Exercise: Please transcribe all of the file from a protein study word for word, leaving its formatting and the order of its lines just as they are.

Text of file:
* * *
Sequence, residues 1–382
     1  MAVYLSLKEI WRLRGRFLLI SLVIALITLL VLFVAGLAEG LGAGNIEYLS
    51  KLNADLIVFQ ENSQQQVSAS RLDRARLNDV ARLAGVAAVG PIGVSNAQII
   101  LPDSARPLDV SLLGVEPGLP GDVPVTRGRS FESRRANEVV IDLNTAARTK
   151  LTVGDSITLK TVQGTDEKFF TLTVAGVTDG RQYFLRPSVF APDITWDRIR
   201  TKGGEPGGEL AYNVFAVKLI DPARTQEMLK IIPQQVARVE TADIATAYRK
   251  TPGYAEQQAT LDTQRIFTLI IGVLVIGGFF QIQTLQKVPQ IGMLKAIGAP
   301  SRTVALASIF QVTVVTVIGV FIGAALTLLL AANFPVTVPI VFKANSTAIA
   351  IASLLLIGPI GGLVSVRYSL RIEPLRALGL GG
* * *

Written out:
Sequence, residues 1–382
     1  MAVYLSLKEI WRLRGRFLLI SLVIALITLL VLFVAGLAEG LGAGNIEYLS
    51  KLNADLIVFQ ENSQQQVSAS RLDRARLNDV ARLAGVAAVG PIGVSNAQII
   101  LPDSARPLDV SLLGVEPGLP GDVPVTRGRS FESRRANEVV IDLNTAARTK
   151  LTVGDSITLK TVQGTDEKFF TLTVAGVTDG RQYFLRPSVF APDITWDRIR
   201  TKGGEPGGEL AYNVFAVKLI DPARTQEMLK IIPQQVARVE TADIATAYRK
   251  TPGYAEQQAT LDTQRIFTLI IGVLVIGGFF QIQTLQKVPQ IGMLKAIGAP
   301  SRTVALASIF QVTVVTVIGV FIGAALTLLL AANFPVTVPI VFKANSTAIA
   351  IASLLLIGPI GGLVSVRYSL RIEPLRALGL GG